Bachelor of Engineering and Law student Erfan Mangani has won the Design for Change 2023 competition with his 3D printed solar distillation project that addresses issues of water equity in rural Australia.
Lead by Microbial Biotechnology and WIL lecturer, Dr Brita Zaferanloo, this annual competition develops students’ communication and technical skills as entrepreneurs. It focuses on supporting innovative, sustainable, and feasible designs that solve real-world challenges.
Designing a solution
Erfan’s innovative idea is creating 3D printed components that can be used as a solar distillation solution. The idea emerged from a project in Engineering unit, Technology in an Indigenous Context Project (COS10025), that challenged students to implement emerging technologies in innovative ways.
The project aims to address ongoing water equity issues in rural Australian communities, like those faced by Indigenous communities located in Aurukun, a town located in Northern Queensland.
Due to consistent warm and dry weather, their water supply has been identified as not being up to standard, and local council members have raised their concerns.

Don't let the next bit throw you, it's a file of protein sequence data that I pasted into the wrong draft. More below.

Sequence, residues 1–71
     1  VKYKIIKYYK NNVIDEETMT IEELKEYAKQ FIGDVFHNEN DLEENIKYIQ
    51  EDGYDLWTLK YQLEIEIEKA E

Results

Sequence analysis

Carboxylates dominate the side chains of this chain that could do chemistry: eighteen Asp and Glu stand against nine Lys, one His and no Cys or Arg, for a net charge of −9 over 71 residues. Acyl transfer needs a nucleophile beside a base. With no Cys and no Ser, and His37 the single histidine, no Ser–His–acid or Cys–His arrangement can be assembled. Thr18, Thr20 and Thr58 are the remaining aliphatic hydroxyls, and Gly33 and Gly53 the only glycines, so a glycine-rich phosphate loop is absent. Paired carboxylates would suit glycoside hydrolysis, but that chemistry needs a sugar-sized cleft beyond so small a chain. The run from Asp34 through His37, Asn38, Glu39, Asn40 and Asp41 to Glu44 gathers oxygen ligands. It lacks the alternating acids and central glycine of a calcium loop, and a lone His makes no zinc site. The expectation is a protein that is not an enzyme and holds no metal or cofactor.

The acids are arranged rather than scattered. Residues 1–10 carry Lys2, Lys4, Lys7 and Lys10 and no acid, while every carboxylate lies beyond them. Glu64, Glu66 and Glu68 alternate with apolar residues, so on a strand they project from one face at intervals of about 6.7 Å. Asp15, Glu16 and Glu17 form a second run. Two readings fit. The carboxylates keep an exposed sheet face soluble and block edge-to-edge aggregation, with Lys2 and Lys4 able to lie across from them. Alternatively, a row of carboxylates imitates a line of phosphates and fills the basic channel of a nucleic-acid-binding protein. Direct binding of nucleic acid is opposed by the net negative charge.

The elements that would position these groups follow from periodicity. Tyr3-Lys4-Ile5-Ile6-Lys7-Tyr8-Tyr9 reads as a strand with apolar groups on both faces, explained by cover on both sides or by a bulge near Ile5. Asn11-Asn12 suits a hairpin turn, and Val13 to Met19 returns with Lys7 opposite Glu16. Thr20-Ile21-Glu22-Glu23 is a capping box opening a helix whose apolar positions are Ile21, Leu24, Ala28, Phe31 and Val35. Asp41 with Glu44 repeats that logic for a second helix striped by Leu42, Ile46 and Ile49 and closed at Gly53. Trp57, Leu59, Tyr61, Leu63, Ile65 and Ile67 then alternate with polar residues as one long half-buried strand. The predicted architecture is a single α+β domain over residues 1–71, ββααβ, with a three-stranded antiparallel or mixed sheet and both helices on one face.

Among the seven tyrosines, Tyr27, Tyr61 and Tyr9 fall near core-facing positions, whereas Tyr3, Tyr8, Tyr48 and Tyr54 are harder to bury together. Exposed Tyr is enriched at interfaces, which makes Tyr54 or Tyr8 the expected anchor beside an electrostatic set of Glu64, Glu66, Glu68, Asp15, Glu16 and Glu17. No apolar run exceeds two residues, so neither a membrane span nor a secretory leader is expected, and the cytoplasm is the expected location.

Simple, flexible, and sustainable
Erfan recognised that the emerging technology of 3D printing could be utilised to solve this problem, so he made a device that could distil contaminated water.
The design is a 3D printed component that can be attached to bottles or jars and can provide clean water via solar distillation. The contaminated water in the bottom bottle is evaporated by sunlight, travelling through the nozzle, where it’s condensed to clean, drinkable water and captured in the top bottle.
Erfan tested the design with a prototype of the component
A key aspect of the project was ensuring its potential for future improvements and integration, so simplicity and flexibility was at the forefront of the design. 3D printing is highly customizable which is suitable for creating a design that works best for the specific community. All the component materials are also recyclable to ensure sustainability.
A close-up rendered image of the component
Most of the device is hollow, with various gaps within its frame. The nozzle of the component is also a triangular prism, rather than a circular tube. This was done intentionally to reduce print time and material cost. A less complicated design also reduces the chance of costly failure prints.
Erfan was happy to be selected by the judges and encourages anyone interested in design to get involved.
“The Design for Change competition was a fantastic opportunity to test my innovation and design skills, and I will be looking to get more involved for future semesters,” Erfan said.
Erfan's Design for Change video submission